A Job You Enjoy Is More Important Than Being Good at Saving

enjoy job

If you have to choose between being a super saver and having a job you enjoy, hands down I would choose the job I like.

Creating a comfortable retirement income is all about:
how long you are in the work force
how quickly you can reduce or eliminate your debts and fixed costs (mortgage, child raising)
and finally, saving the relatively small amount of 6-10% of your gross income

If you find a job you enjoy, chances are you will be good at it and will continue to upgrade yourself to stay valuable to your employer and clients.

The longer you are a productive working citizen:

  • the greater the amount of money you can spend on things and experiences while raising the children
  • the more financial mistakes you can make and still recover before it’s time to retire
  • the more you will contribute to your Canada Pension Plan or work pension plan
  • the less time you will have to go shopping and buy things you probably don’t need

And the number 1 reason working longer is good for your retirement is:

  • The longer you work, the longer the miracle of compounding interest works for your retirement savings.

 

If you are reader of financial blogs, you have probably heard this over and over, but it’s worth reinforcing one more time with the story of William and James.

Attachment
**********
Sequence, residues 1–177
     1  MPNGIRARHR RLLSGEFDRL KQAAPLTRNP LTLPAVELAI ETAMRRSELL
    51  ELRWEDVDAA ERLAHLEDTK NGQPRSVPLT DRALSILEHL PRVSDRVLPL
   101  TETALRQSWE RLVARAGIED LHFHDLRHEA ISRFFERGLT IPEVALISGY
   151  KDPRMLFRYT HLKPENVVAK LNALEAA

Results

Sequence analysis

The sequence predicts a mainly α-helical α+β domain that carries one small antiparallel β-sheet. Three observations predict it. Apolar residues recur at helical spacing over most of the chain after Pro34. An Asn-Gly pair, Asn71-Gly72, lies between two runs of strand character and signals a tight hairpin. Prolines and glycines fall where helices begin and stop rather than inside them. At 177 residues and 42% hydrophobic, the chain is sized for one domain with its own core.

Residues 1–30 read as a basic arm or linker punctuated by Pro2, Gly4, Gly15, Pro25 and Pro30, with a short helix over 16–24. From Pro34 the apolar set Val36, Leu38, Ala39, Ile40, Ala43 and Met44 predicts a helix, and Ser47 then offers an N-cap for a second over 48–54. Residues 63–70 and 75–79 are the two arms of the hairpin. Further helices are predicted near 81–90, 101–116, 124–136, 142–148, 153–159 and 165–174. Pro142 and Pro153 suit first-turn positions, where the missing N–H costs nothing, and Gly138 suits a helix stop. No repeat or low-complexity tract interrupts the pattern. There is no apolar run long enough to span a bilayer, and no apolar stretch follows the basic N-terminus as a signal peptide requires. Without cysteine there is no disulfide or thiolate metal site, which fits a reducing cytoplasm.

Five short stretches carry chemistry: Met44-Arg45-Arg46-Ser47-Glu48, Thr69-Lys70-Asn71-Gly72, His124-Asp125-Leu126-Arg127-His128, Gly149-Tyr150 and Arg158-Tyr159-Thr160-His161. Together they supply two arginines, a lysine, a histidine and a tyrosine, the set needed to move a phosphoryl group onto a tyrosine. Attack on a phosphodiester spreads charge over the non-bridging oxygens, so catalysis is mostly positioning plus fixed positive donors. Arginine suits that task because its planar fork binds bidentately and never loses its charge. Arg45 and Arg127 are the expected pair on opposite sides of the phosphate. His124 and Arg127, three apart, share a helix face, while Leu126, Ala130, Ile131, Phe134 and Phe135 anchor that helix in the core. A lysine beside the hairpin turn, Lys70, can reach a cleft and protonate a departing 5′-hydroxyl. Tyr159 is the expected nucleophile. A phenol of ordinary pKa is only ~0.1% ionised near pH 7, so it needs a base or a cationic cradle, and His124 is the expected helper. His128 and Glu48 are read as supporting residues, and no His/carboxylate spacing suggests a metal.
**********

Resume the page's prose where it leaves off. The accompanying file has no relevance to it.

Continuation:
Twin brothers, William and James are now 65 years old.

Forty-five years ago, when William was 20, he started a retirement account, putting $4,000 in the stock market at the beginning of each year. After 20 years of contributions, totaling $80,000, he stopped making new investments but left the accumulated contributions in his account. The fund earned 10 percent per year, tax free.

James, started his own retirement account at age 40 (just after William quit) and continued depositing $4,000 per year for the next 25 years for a total investment of $100,000. James investments also earned 10% tax free. When both brothers reached the age of 65, which one do you think had the bigger nest egg?

The answer is startling:

William’ s account was worth almost $2.5 million.
James’ account was worth less than $400,000.

Despite having invested less money than James, William’s stake was over $2 million greater. The moral is clear; you can accumulate much more money by starting earlier and taking greater advantage of the miracle of compounding.

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